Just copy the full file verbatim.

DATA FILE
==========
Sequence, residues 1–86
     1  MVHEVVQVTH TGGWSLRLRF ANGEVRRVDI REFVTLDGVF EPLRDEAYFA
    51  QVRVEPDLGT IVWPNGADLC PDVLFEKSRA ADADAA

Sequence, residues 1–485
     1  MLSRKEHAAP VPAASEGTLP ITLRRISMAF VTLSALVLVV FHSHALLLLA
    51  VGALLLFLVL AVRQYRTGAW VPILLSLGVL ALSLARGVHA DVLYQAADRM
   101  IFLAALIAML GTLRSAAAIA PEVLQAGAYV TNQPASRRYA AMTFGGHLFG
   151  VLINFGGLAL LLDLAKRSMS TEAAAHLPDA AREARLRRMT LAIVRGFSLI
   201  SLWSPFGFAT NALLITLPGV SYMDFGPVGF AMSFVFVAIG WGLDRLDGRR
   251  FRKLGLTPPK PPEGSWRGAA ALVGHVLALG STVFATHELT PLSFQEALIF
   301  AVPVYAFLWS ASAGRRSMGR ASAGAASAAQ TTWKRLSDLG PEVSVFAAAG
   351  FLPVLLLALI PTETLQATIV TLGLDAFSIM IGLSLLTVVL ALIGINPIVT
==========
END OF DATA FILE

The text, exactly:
Sequence, residues 1–86
     1  MVHEVVQVTH TGGWSLRLRF ANGEVRRVDI REFVTLDGVF EPLRDEAYFA
    51  QVRVEPDLGT IVWPNGADLC PDVLFEKSRA ADADAA

Sequence, residues 1–485
     1  MLSRKEHAAP VPAASEGTLP ITLRRISMAF VTLSALVLVV FHSHALLLLA
    51  VGALLLFLVL AVRQYRTGAW VPILLSLGVL ALSLARGVHA DVLYQAADRM
   101  IFLAALIAML GTLRSAAAIA PEVLQAGAYV TNQPASRRYA AMTFGGHLFG
   151  VLINFGGLAL LLDLAKRSMS TEAAAHLPDA AREARLRRMT LAIVRGFSLI
   201  SLWSPFGFAT NALLITLPGV SYMDFGPVGF AMSFVFVAIG WGLDRLDGRR
   251  FRKLGLTPPK PPEGSWRGAA ALVGHVLALG STVFATHELT PLSFQEALIF
   301  AVPVYAFLWS ASAGRRSMGR ASAGAASAAQ TTWKRLSDLG PEVSVFAAAG
   351  FLPVLLLALI PTETLQATIV TLGLDAFSIM IGLSLLTVVL ALIGINPIVT